Data_Sheet_1_Longitudinal Trajectories and Inter-parental Dynamics of Prairie Vole Biparental Care.docx (8.64 MB)
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Data_Sheet_1_Longitudinal Trajectories and Inter-parental Dynamics of Prairie Vole Biparental Care.docx

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posted on 05.06.2018, 04:10 by Forrest D. Rogers, Mijke Rhemtulla, Emilio Ferrer, Karen L. Bales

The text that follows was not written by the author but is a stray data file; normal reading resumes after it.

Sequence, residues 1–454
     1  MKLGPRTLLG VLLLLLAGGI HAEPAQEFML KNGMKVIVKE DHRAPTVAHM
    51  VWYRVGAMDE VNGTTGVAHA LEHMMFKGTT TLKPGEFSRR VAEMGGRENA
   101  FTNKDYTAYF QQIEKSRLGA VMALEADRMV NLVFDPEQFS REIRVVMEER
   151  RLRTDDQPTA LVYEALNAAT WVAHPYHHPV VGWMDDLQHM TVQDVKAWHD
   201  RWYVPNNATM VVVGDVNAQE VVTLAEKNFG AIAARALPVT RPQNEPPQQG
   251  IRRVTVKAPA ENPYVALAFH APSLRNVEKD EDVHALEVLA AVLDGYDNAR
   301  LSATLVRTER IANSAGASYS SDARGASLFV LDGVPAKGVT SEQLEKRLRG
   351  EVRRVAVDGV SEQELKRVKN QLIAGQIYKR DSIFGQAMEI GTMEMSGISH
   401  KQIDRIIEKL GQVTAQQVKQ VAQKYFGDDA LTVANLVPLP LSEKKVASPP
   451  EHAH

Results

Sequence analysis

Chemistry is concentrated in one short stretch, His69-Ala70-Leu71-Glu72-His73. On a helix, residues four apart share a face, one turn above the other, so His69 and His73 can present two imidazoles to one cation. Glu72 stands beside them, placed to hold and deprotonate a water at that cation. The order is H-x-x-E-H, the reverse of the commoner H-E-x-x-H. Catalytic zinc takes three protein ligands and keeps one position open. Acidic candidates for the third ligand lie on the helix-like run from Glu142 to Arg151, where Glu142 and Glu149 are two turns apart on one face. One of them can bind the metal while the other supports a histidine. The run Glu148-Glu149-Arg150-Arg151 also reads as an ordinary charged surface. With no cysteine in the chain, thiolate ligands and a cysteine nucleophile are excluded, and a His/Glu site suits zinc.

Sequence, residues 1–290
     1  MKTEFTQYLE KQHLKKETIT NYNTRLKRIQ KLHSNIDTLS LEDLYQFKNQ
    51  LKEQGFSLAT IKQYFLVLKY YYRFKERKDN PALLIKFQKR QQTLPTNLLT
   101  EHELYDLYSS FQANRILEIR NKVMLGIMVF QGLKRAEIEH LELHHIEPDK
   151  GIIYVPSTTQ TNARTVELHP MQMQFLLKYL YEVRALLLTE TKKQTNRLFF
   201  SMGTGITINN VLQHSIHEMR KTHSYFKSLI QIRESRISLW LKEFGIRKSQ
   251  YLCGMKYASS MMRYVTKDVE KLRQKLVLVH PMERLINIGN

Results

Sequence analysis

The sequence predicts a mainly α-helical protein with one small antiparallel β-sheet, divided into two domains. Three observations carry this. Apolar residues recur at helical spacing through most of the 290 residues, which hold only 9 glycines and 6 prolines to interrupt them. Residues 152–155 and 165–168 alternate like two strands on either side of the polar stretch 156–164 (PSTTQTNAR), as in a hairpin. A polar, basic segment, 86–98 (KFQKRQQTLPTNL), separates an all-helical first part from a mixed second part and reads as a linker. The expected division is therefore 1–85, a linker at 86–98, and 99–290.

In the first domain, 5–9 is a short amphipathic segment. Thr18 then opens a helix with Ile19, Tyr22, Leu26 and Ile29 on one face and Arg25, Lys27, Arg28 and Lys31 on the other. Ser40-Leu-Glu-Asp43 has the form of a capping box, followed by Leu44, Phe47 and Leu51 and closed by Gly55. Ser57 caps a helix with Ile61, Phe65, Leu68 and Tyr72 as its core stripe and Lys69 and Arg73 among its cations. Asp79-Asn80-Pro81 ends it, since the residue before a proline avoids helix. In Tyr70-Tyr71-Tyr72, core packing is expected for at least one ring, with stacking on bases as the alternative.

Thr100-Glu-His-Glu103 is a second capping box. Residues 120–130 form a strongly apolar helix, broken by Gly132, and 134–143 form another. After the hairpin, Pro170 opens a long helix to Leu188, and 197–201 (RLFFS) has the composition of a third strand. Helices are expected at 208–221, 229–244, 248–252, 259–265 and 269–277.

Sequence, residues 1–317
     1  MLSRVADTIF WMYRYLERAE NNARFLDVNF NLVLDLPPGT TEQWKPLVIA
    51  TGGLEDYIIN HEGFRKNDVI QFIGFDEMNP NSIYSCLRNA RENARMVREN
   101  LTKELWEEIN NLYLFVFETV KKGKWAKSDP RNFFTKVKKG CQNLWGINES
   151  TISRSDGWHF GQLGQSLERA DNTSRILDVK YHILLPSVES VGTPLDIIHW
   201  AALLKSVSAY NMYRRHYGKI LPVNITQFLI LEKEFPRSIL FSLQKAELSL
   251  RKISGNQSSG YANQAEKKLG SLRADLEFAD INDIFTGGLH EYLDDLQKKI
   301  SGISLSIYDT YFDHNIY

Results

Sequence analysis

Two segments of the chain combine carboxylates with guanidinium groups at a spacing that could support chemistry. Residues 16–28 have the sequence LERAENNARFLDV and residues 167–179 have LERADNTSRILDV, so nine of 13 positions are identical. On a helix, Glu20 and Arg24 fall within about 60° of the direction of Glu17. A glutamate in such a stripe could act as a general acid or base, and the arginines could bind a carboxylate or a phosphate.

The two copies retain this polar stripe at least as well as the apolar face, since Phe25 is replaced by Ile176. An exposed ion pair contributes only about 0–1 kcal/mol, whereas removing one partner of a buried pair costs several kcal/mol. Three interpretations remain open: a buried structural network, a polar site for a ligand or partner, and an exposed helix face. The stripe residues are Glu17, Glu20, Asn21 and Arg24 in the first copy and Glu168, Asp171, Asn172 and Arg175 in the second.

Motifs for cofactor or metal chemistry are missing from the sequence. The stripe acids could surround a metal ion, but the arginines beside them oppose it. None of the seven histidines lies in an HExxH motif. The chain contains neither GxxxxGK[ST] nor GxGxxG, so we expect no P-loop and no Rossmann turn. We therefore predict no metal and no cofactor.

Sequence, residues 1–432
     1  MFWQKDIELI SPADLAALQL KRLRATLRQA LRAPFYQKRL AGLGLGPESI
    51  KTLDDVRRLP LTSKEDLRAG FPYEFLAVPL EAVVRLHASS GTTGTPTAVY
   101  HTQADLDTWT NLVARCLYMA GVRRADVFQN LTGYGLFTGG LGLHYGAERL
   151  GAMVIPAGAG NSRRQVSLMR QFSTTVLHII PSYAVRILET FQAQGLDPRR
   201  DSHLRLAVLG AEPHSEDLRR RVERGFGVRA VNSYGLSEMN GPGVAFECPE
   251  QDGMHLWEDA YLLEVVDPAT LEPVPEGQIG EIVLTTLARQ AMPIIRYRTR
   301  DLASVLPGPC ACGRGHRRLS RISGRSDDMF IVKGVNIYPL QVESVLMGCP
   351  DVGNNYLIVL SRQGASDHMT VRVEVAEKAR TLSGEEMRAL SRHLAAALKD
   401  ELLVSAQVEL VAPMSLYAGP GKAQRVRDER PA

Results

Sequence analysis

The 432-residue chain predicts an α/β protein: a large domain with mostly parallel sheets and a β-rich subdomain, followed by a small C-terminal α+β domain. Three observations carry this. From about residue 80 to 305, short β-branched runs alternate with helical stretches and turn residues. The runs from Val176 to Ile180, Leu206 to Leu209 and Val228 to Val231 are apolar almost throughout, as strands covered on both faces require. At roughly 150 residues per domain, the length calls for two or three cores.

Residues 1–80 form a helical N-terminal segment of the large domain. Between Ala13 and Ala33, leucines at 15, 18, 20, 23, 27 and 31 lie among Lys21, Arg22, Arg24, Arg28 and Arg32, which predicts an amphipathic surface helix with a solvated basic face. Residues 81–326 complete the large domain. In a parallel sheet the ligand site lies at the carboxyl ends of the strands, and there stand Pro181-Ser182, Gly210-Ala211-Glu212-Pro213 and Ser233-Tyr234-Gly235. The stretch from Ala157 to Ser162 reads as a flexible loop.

For altricial mammalian species, early life social bonds are constructed principally between offspring and their mothers, and the mother-offspring relationship sets the trajectory for offspring bio-behavioral development. In the rare subset of monogamous and biparental species, offspring experience an expanded social network which includes a father. Accordingly, in biparental species fathers also have the potential to influence trajectories of offspring development. Previous semi-natural and laboratory study of one monogamous and biparental species, the prairie vole (Microtus ochrogaster), has given insight into the role that mothers and fathers play in shaping behavioral phenotypes of offspring. Of particular interest is the influence of biparental care in the development of monogamous behavior in offspring. Here, we first briefly review that influence. We then present novel research which describes how parental investment in prairie voles changes across sequential litters of pups, and the extent to which it is coordinated between mothers and fathers. We use approximately 6 years of archival data on prairie vole parenting to investigate trajectories and inter-parent dynamics in prairie vole parenting. We use a series of latent growth models to assess the stability of parental investment across the first 4 l. Our findings suggest that prairie voles display sexually dimorphic patterns of change in parental behavior: mothers' investment declines linearly whereas fathers' pattern of change is characterized by initial decline between litters 1 and 2 with subsequent increase from litters 2 to 4. Our findings also support a conclusion that prairie vole paternal care may be better characterized as compensatory—that is, fathers may compensate for decline in maternal investment. Opposing trends in investment between mothers and fathers ultimately imply stability in offspring investment across sequential litters. These findings, combined with previous studies, generate a hypothesis that paternal compensation could play an important role in maintaining the development of monogamous behavioral phenotypes in individual offspring and across cohorts of those offspring. Understanding longitudinal and inter-individual dynamics of complex social behaviors is critical for the informed investigation of both proximate and ultimate mechanisms that may subserve these behaviors.

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